I love color! I am captivated by the way colors interact in a garden, a painting, or even a rack of sweaters in a department store. It intrigues me when I look in my friend’s closet and see all of her clothes organized by color. But my closet, with its chaotic array of colors, makes me smile. My mom always says it is my artist’s soul that allows color to bring me such pleasure. She may be right but I think everyone reacts, in some way, to color. It has been proven to have an effect on both your behaviors and your emotions.
Color and Your Mood
When we talk about your mood, we are referring to the quality of your feelings at a specific time. How can color affect a person’s mood? Different colors can elicit very personal feelings in individuals. Often, these feelings come from past experiences, or the culture you were raised in. In our society white is worn for weddings, as a symbol of innocence and purity. In some Eastern cultures white is the color worn for mourning, therefore it is the color associated with grief. Cool colors, such as blues and greens, are considered calming. Warm shades, like red and orange, evoke feelings of warmth and comfort for some, but hostile, angry feelings in others. Scientists have not done large scale research on color and its effect on people, so there is not very much empirical evidence to prove the theory. What remains is a lot of anecdotal evidence on color and human mood and emotion. My favorite color is red! If I want to feel vibrant and in charge I will wear my favorite red sweater. It seems to boost my mood and my confidence at the same time. I guess that is my contribution to anecdotal evidence.
Color and Your Emotions
Your emotions are a bit different from your mood. Emotions are a physiological response to your circumstances and your mood. You do not consciously choose the emotions that you are feeling. However, your emotions are shaped by the situations you are in and this is where color can effect a change. Have you ever noticed that doctors’ offices and hospital rooms are usually painted in muted shades of green, blue, and gray? It is not a coincidence, but rather an effort to ease the emotional state of people who are nervous or scared to be in that place. Those soft, cool colors are believed to have a calming effect on your emotions. Bright, primary colors are found in preschool settings because they are stimulating and engaging and are thought to make the children a little more excited.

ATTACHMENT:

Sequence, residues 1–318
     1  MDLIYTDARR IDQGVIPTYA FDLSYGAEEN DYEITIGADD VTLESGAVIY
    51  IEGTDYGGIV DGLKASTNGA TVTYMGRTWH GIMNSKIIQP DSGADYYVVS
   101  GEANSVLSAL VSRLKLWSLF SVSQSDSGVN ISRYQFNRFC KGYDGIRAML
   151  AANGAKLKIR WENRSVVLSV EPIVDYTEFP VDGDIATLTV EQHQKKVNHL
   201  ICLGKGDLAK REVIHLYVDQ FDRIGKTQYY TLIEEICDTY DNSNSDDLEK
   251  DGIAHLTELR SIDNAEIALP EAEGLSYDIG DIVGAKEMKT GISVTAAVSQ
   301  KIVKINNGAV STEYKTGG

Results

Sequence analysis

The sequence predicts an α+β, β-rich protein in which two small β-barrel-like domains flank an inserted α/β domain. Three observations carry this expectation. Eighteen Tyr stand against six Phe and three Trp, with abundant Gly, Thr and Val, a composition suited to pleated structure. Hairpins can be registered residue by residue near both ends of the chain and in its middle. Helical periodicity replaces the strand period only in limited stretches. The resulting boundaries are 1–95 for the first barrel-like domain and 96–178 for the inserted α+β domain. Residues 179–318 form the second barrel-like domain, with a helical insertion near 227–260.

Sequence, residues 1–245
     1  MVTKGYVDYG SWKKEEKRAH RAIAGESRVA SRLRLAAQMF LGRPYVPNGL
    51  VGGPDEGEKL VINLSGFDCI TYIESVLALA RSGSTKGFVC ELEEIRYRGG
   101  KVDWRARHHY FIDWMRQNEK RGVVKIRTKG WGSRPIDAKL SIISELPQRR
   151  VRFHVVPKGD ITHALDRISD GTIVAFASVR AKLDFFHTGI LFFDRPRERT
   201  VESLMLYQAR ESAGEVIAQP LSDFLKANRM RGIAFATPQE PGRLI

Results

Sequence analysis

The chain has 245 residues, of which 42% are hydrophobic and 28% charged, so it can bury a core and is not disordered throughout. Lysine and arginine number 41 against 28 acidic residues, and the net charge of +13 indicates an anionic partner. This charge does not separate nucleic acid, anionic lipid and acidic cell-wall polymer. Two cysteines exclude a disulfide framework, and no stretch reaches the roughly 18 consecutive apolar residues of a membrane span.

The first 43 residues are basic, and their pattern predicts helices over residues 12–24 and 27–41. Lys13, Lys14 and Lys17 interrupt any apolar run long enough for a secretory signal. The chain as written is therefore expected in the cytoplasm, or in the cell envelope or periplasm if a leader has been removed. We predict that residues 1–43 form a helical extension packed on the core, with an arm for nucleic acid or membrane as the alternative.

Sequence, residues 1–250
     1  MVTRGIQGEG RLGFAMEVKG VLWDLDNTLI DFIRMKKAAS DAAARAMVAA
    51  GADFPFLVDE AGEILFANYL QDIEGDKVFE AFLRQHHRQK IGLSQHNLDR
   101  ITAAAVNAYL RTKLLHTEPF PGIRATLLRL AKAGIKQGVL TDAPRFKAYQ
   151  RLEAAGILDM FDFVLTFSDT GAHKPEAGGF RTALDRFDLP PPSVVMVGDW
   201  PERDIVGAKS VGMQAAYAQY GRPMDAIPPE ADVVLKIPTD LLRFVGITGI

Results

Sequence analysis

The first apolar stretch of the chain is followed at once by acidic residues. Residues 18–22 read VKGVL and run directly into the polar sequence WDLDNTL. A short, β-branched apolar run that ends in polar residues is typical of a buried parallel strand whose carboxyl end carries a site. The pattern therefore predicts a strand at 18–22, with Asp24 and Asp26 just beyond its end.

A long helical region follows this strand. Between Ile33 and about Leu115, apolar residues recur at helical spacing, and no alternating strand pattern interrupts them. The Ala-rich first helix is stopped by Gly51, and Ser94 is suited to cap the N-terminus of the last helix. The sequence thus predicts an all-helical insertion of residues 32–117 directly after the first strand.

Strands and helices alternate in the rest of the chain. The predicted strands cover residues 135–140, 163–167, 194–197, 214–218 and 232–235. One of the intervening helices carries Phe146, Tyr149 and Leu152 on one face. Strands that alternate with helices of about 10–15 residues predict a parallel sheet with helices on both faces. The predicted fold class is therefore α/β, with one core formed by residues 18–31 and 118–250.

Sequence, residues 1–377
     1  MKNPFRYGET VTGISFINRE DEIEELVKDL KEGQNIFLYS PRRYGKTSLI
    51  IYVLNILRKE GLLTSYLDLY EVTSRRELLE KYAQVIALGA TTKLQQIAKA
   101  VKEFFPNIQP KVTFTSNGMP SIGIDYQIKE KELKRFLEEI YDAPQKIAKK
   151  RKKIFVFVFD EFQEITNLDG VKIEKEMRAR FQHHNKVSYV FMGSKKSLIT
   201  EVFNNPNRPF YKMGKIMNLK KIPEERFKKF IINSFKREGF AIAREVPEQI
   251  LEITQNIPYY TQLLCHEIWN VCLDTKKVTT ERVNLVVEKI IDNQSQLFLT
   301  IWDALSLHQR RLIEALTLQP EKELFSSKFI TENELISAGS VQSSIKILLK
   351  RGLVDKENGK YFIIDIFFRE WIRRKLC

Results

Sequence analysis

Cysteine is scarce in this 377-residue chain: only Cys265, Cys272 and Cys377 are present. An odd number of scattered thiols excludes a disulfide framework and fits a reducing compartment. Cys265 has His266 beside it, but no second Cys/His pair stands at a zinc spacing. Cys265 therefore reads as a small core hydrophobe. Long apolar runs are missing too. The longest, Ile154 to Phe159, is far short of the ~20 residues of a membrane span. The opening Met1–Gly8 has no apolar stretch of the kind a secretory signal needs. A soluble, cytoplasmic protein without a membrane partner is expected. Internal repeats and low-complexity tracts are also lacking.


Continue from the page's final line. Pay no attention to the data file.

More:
While science may not have proven the connection between color and your moods and emotions, you have probably noticed this, in some way, in your own life. Colors can make you feel better. Ancient cultures, such as the Chinese, practiced chromotherapy as a healing ritual. The belief was that colors could heal physical problems. Alternative medicine and holistic practitioners still use this method today. Orange was thought to heal the lungs and increase energy levels. Blue was soothing to those that suffered from pain. Red increased circulation. Yellow was used to purify the body.
Anytime people start to talk about things that are abstract, like color, and how they can affect your life there is bound to be some skepticism. I believe that there does not have to be absolute proof of something like this to make it real. I know how color can make me feel and I bet that even the most skeptical of you will paint your bedroom a color that gives you a calm and comfortable feeling. I am going to go put on my red sweater and start a strong and confident day!